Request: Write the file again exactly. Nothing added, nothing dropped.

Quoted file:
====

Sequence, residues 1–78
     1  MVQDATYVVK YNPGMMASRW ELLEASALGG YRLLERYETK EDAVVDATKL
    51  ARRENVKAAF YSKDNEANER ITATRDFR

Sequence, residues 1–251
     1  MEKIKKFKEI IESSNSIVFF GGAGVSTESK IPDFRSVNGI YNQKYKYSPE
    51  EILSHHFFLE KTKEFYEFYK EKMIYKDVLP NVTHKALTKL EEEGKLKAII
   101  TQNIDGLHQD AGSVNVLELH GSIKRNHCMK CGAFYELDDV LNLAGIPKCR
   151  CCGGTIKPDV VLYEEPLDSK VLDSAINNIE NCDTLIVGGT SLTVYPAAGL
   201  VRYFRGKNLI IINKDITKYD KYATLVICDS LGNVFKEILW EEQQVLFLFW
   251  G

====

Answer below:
Sequence, residues 1–78
     1  MVQDATYVVK YNPGMMASRW ELLEASALGG YRLLERYETK EDAVVDATKL
    51  ARRENVKAAF YSKDNEANER ITATRDFR

Sequence, residues 1–251
     1  MEKIKKFKEI IESSNSIVFF GGAGVSTESK IPDFRSVNGI YNQKYKYSPE
    51  EILSHHFFLE KTKEFYEFYK EKMIYKDVLP NVTHKALTKL EEEGKLKAII
   101  TQNIDGLHQD AGSVNVLELH GSIKRNHCMK CGAFYELDDV LNLAGIPKCR
   151  CCGGTIKPDV VLYEEPLDSK VLDSAINNIE NCDTLIVGGT SLTVYPAAGL
   201  VRYFRGKNLI IINKDITKYD KYATLVICDS LGNVFKEILW EEQQVLFLFW
   251  G